Think about your fourth-grade class. There was Sarah B., Sarah L. and Sarah M. Sophomore year of high school it was Sarah P. and Sarah R. And lest we forget about kindergarten, where Sarahs Stiefvater (that’s me!) and Silverstein had to go by Sarah S.T. and Sarah S.I. (I’m not bitter or anything.)
Especially if you grew up between 1981 and 1989, Sarahs were everywhere, and they are also at the center of each of the ten stories in Sarahland, a strangely wonderful debut collection by Sam Cohen.
Through each of her Sarahs, Cohen explores queerness, womanhood, personhood and identity—Jewish identity, femme identity, gender identity. To do so, she subverts genre and incorporates elements of history, folklore and even the bible.
Let’s start there with “The First Sarah,” a reimagining of the biblical Abraham and Sarah. In Cohen’s version, Abraham is Abey and Sarah is Sarai, or Sari, a trans woman. “Sari was from before God created the gender binary,” Cohen writes. “How it was genitalia could look budlike or bloomed, zucchini-ish or more like a berry cluster, like an anemone or a starfish or a pair of sea cucumbers.” Despite all this abundance, however, Sari and Abey can't produce a child of their own, at which point Hagar, a handmaiden gifted to them by the Egyptian king, enters and the three become an unlikely family unit—in a story that takes raunchy and morally questionable turns.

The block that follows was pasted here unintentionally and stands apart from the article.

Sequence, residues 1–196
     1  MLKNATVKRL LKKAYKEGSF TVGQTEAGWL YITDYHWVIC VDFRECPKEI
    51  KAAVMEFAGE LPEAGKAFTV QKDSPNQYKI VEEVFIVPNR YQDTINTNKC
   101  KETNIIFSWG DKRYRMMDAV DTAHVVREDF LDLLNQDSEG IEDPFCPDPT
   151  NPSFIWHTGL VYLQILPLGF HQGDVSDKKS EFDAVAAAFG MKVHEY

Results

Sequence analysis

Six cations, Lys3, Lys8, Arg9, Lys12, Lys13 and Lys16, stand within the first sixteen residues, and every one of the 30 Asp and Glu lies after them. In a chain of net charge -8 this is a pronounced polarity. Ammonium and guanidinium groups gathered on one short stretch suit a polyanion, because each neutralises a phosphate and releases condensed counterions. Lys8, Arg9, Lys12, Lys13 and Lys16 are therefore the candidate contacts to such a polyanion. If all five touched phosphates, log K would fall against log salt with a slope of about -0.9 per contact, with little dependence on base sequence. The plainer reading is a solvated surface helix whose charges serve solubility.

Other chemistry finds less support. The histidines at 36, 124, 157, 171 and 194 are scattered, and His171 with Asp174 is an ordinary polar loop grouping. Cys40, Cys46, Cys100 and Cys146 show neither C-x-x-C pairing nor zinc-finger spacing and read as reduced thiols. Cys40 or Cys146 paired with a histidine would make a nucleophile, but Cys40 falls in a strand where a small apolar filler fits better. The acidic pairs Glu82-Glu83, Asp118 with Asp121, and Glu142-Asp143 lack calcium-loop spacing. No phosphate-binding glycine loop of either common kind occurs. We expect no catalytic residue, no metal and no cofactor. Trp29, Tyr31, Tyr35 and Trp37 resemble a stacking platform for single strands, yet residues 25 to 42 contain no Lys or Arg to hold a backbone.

Other stories are more contemporary or fantastical in scope. In “Exorcism, or Eating My Twin,” a Buffy-loving Sarah uses fan fiction to work through romantic obsession, and in the book’s last story, “The Purple Epoch,” Cohen imagines a world where new creatures are born from the remains of past Sarahs.
What ties these stories together is the way they’re all told through a queer, non-male lens. These Sarahs are fluid in their identities—often breaking free of what’s expected of them and reinventing what it means not only to be a woman, but to be a person.
But regardless of how far it dives into gender theory or strays from reality, Sarahland is still just a ton of fun to read—at turns thought-provoking, funny, strange and exhilarating.
With Sarahland, Cohen has asserted herself as a worthy contemporary of Ottessa Moshfegh, Elif Batuman and Carmen Maria Machado.